To add to the excellent answer from @Flamma, in our group we frequently describe what our characters are thinking when it helps to create better understanding of those characters. That helps to make an adventuring group more intimate, which is useful even if the characters don't all cooperate with each other. The more players know about each other's characters, the richer the interactions between the characters.

It also helps the gamemaster come up with interesting challenges and rewards. As a GM, the more insight I have into why a character acts the way she does, the easier it is for me, particularly when I am reacting to something the character is doing unexpectedly. As a player, when I sense that the course of action I'm taking my character down may not be what the GM expected, I try to illuminate the motivation behind the action.

• My answer was going to be something about the whole "My character Roshi is likely thinking along the lines of X" but sometimes that's just a probing comment to see if the GM agrees that it's an in character reaction – CatLord Apr 2 '13 at 6:22

The extent to which players share their characters thoughts usually depends on how much the group expects the party to work together.

In systems that aren't really designed for major conflict inside the party, many players will share their characters thoughts simply because it aids in roleplaying, by helping everyone understand the motivations of the characters.

In groups where intra-party conflict is anticipated, however, it's very unusual to share your character's thoughts, especially when they involve planning to do something harmful to another player character.

If you're new to RPGs, keep in mind that most (though certainly not all) of them are designed around the idea that the party works together as a team to overcome challenges, rather than fighting amongst themselves.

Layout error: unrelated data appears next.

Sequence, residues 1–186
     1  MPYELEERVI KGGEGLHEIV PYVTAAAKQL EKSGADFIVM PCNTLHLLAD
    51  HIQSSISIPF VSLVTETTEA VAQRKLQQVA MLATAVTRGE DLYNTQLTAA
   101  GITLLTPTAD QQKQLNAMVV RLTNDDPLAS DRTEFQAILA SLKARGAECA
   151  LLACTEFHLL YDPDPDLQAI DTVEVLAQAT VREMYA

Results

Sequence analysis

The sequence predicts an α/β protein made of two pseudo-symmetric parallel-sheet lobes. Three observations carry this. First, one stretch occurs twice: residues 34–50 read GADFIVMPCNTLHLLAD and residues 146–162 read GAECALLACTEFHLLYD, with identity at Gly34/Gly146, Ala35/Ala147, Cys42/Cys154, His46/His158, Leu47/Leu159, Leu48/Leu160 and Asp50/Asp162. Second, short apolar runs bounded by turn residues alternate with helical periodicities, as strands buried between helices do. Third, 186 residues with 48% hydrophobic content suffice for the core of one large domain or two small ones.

• Intra-party conflict can be done with secrets or in the open, and in the open is not that rare. The difference is whether the players are collaborating on making the conflict interesting or if the conflict is meant to be more of a game in itself. – SevenSidedDie Apr 1 '13 at 23:08
• The other difference in how intra-party conflict may play out is the maturity of the players to be able to separate player knowledge from character knowledge. – Chuck Dee Apr 2 '13 at 21:51
• I disagree. The players control individual characters, but they're also each other's audience. Dramatic conflict between the PCs works a lot better when we can actually see and understand the dramatic action as it unfolds. Also, as a practical matter, doing weird complicated things without stating your intent tends to lead to confusion at the table (in my experience, most RPG systems' resolution mechanics kinda break down if the GM doesn't really understand what you're trying to accomplish); the alternative is constant "sidebars" with the GM, which disrupt the game's flow greatly. – Alex P Apr 3 '13 at 14:01